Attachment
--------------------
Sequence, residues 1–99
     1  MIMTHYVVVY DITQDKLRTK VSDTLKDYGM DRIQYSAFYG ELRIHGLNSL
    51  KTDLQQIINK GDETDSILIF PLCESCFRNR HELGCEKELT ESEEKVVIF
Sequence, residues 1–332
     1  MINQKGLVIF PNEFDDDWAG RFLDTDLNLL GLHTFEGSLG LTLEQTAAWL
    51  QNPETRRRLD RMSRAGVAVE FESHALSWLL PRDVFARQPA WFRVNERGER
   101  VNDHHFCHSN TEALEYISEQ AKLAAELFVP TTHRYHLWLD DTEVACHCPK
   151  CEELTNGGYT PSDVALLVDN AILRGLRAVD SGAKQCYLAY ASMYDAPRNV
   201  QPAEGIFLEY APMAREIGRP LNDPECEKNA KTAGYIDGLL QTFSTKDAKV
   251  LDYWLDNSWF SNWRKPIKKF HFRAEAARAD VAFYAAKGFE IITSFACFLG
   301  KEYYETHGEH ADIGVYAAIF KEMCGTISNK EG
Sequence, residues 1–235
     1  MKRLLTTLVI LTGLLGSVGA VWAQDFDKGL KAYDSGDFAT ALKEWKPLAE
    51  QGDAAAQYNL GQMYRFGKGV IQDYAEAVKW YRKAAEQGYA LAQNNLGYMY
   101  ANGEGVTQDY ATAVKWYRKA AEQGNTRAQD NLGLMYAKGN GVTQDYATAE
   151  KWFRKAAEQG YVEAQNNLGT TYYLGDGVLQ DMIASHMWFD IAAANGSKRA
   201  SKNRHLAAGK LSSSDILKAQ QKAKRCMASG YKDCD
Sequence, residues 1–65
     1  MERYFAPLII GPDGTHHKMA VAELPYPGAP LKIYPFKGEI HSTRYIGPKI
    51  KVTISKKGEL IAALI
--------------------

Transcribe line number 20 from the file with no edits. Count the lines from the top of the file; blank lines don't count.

    51  KVTISKKGEL IAALI